Most of the city's Korean restaurants, much like our Thai, Vietnamese and Chinese dining dens, are marked by their transparent strip mall center facades, bare interiors and stoic service. That's not howShin Sa Dong
, a new Korean restaurant at 10293 East Iliff Avenue, rolls.
The swank shrine to Korean grill-your-own barbecue, complete with a seemingly infinite parade of banchan, the miniature bowls of Korean side dishes that zigzag between kimchee and jelly noodle salad and all sorts of other curiosities that remain mysterious to me, opened in early June, and the elegant dining room, with dark wood, melodic fountains and waterfalls, stone-cemented walls and hardwoods, is more than just a quick stop to get your prime-grade bulgogi fix.
"We renovated about 60 percent of the restaurant when we took it over, and while there are quite a few Korean restaurants in Denver, people have figured out that it's really nice here, that it's spacious and that the food is better than everywhere else," says general manager Patrick Choi, who glides across the dining room in an impeccably pressed suit. "Our chef is from Korea, he notes, "and he's cooked in New York and Los Angeles, and and his food is prepared in a more current and modern style while still respecting tradition."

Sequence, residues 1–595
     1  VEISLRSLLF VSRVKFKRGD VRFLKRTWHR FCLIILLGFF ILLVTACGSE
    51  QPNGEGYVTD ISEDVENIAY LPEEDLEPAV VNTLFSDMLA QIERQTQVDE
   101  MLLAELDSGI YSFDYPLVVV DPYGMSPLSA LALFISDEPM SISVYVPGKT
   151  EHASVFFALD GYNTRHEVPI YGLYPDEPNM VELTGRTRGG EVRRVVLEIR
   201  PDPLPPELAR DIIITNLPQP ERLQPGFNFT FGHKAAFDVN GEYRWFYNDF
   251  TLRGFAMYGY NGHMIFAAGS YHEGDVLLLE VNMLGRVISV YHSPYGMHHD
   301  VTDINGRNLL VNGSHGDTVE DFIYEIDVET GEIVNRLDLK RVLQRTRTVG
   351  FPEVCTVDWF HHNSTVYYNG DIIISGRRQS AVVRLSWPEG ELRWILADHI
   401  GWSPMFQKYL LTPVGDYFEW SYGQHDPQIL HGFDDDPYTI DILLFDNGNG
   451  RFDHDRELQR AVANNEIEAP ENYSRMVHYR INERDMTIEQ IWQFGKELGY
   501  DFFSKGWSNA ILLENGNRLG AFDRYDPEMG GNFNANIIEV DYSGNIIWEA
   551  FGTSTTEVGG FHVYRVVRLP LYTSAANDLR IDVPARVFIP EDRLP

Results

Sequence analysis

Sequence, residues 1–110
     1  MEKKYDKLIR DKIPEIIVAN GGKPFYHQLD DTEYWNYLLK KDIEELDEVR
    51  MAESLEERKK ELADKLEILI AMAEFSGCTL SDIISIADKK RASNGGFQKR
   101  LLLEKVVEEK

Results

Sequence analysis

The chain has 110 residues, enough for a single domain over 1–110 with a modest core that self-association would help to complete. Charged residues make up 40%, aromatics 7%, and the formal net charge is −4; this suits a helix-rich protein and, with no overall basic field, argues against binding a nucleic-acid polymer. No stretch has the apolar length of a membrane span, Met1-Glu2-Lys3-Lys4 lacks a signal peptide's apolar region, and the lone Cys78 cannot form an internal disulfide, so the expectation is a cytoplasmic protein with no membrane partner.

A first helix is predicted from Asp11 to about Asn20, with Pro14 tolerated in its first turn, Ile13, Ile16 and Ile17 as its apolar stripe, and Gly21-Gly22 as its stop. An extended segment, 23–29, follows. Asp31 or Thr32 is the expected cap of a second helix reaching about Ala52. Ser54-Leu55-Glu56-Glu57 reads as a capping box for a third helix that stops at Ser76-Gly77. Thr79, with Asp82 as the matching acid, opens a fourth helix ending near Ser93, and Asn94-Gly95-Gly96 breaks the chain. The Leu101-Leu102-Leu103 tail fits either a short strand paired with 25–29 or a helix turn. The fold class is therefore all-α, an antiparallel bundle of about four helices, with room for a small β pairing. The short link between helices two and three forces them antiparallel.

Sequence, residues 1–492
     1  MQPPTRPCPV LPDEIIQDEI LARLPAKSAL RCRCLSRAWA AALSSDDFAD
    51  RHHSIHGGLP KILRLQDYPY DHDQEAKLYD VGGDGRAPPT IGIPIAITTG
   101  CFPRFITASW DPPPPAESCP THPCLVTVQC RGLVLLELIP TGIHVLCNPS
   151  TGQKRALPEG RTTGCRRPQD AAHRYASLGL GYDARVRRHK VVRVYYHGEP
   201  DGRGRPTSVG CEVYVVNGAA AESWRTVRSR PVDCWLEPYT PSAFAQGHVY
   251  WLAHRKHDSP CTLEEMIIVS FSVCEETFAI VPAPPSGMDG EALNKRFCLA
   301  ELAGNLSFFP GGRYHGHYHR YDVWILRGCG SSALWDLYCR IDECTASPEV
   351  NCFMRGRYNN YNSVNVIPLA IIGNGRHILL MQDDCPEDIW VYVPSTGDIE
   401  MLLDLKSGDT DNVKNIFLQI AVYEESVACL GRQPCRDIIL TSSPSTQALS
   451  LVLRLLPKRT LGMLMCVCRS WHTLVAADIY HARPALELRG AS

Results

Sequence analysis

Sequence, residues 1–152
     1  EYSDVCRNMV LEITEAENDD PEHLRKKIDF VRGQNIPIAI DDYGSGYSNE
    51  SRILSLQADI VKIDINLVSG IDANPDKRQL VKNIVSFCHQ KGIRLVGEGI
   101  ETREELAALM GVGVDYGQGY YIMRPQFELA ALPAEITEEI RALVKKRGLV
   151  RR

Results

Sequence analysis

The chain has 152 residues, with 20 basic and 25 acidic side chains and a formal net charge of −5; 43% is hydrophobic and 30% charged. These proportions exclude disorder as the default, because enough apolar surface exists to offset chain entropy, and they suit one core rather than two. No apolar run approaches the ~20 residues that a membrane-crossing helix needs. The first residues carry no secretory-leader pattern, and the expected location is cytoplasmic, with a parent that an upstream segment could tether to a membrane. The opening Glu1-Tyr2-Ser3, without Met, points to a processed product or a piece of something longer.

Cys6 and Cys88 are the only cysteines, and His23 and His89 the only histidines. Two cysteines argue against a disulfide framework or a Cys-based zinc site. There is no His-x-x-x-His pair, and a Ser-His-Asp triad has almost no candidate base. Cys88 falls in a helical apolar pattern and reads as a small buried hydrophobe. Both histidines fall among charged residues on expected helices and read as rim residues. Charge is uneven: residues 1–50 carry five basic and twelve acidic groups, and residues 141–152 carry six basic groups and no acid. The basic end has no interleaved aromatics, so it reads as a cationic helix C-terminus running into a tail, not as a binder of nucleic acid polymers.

And the diners, adds Choi, keep coming back for more -- more boiled oxen head soup, more sweet potato noodles bobbing in a cold beef broth, more steak tartare with toasted sesame, Asian pears and pine nuts, more Korean sausage soup and bibimbap. "We've had one Korean guy who's come in every day for two weeks in a row, sometimes twice a day," says Choi. "They keep telling me that they have nowhere else to go for Korean food -- that's the feedback that I'm getting from our repeat customers."
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After clogging my gut with more food than anyone has a right to -- the banchan alone feeds three, quite possibly four -- Choi can count me among his devoted disciples. Take a look through our gallery of photos to get a taste.
The banchan exhibition. Shin Sa Dong's dining room, enhanced by fountains. Beef bibimbap. The space, which seats nearly 200, is the largest Korean restaurant in Colorado, according to Choi. Meat...in the raw. Beef bulgogi, pineapple and onions searing on the inset gas grill.
Shin Sa Dong is open daily for lunch and dinner; call 720-748-1414 for more information.